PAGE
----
Sanatan Sanstha vs SIMI: What Is the Litmus Test for a Ban?
The CBI, at last, has one of the suspects in rationalist Narendra Dabholkar’s murder in custody. Virendra Tawade and his accomplice did not kill Dabholkar because of some personal dispute or hatred. They killed him for being a rationalist and an atheist.
Tawade was a member of Sanatan Sanstha, a right-wing Hindutva organisation that has systematically made controversial, threatening statements. In 2015, one of its members was arrested for the murder of Govind Pansare, a Marathi author and CPI leader.
Currently, the CBI is looking into 119 bank accounts and 169 phone calls made by absconding Sanatan Sanstha members in connection to the murders in the 2009 Goa blasts.
The Goa Congress has called for a ban on the organisation, citing its divisive ideology and the fact that its members have been involved (allegedly) in the assassination of rationalists and scientists. In October 2015, Maharashtra CM Devendra Fadnavis had said that he would act against Sanatan Sanstha if any evidence was found against the organisation.
Now, with the fresh arrests, the demand for banning Sanatan Sanstha has been renewed. Fadnavis, however, has said that the issue is “political”. Even Tushar Gandhi, Mahatama Gandhi’s great-grandson, has said banning is not the answer. The relatives of those who have been killed, however, are disappointed.
In the past though, institutions have been banned. Most notably, the Students Islamic Movement of India (SIMI) was banned for the activities of some of its members. So, are the activities of Sanatan Sanstha comparable to those of SIMI? And if so, is there a discrepancy in how ‘radical’ organisations are treated based on their ideological affiliations?
SIMI: Militant Perhaps, But Terrorists?
SIMI was originally the student wing of the Jamaat-e-Islami, but split from its parent organisation because of its hard-line stance on issues like its support for Hamas in Palestine and the Iranian revolution. In a 2008 interview, Sayeed Khan, a former member of SIMI, described how the organisation became increasingly radical after the demolition of the Babri Masjid and the rise of the Hindu Right in India.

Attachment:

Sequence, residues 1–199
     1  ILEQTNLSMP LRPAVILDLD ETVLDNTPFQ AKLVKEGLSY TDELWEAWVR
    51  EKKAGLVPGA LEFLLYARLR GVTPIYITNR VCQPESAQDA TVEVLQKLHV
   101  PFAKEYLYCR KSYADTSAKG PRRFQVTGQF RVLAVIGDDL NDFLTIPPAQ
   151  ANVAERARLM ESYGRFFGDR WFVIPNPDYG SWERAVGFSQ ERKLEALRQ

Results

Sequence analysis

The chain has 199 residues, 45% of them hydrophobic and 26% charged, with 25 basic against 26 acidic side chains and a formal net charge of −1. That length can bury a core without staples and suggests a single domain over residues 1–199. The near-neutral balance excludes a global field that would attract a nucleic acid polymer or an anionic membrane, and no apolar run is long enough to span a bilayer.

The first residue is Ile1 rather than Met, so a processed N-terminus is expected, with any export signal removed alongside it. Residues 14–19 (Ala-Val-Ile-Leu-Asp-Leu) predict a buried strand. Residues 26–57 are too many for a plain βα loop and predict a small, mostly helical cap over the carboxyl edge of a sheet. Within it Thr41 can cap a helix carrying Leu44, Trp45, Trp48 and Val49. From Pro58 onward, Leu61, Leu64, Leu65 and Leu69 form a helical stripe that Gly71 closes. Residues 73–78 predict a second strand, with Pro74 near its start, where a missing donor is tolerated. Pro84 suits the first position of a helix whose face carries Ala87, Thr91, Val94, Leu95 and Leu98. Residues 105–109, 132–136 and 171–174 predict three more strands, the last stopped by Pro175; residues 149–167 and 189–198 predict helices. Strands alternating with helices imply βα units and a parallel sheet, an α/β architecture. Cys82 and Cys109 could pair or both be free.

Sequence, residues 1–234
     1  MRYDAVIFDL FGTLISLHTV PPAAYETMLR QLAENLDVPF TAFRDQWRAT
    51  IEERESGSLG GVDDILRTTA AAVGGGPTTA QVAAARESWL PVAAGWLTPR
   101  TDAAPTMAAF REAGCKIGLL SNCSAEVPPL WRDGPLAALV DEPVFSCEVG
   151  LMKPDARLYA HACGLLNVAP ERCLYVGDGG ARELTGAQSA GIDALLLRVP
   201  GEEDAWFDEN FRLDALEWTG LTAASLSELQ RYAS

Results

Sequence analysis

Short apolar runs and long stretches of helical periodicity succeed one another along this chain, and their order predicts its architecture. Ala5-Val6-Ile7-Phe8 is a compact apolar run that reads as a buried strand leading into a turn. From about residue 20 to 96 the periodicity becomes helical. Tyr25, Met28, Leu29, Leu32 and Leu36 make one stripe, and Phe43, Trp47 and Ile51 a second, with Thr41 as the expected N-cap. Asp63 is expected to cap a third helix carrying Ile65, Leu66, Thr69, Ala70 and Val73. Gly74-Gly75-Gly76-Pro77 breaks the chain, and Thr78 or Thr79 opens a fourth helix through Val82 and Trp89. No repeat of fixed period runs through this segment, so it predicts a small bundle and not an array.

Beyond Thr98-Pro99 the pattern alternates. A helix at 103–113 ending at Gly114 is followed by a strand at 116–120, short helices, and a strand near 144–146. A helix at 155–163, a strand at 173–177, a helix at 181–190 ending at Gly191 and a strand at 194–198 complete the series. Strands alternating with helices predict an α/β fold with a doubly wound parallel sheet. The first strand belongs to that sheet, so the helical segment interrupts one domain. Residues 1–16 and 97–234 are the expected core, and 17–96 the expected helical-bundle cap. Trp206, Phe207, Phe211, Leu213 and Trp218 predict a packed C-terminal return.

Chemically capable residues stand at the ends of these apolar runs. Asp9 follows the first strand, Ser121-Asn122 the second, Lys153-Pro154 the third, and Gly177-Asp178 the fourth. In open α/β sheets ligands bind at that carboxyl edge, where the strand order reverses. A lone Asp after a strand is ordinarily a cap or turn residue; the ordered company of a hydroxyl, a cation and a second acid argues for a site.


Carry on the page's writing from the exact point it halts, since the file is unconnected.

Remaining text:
Ideologically, elements within SIMI were radicalised and reportedly clashed with Hindu right-wing organisations. The organisation was first banned on 27 September, after the 9/11 attacks in the US, and the ban has been subsequently renewed.
As for violent or terrorist activities, things are a little more complicated. The SIMI itself has not carried out a terror attack on Indian soil. However, the Indian Mujahideen (IM) – an organisation that is allegedly behind numerous attacks on Indian soil – is supposed to be comprised of at least some former SIMI members.
Extremist Hindutva and Violence
The Sanatan Sanstha was formed in 1980 and is registered as a charitable trust in Goa. However, the organisation has been courting controversy for some time now. It has consistently taken a somewhat obscurantist stance, often against minorities, atheists and rationalists. Its members have also been accused of violent activities multiple times.
- In 2008, members of the organisation were arrested for planting a crude bomb during the screening of a Marathi play.
- Vinod Tawade is also a suspect in the 2009 Margao blasts.
- According to a report in The Indian Express, Sanatan Prabhat, the organisation’s mouthpiece, published a caricature showing Govind Pansare being impaled three days before he was assassinated.
- Sanatan Sanstha members have been accused of killing rationalist Narendra Dabholkar.
Clearly, there is enough suspicious activity to deem the organisation a dangerous one. While the IM emerged after SIMI was banned – allegedly with some former members of the student organisation in its ranks – Sanatan Sanstha is still very much active.
What’s the Difference?
The murder of missionary Graham Staines and his two sons by a mob led by Bajrang Dal member Dara Singh; the Malegaon blasts allegedly committed by members of Hindutva organisations; and the various acts of violence carried out by Sanatan Sanstha members – none of these caused any bans.
SIMI may well have been a radical organisation, and perhaps ought to have been banned. Or one may agree with Tushar Gandhi, that the culture of banning needs to be stopped.
There’s only one problem. Organisations, regardless of their political and religious dispensation, need to be treated with some degree of parity.
As the demand for banning the Sanatan Sanstha by Opposition parties grows in Goa and Maharashtra, one can ask why it should be treated differently from SIMI by the government.
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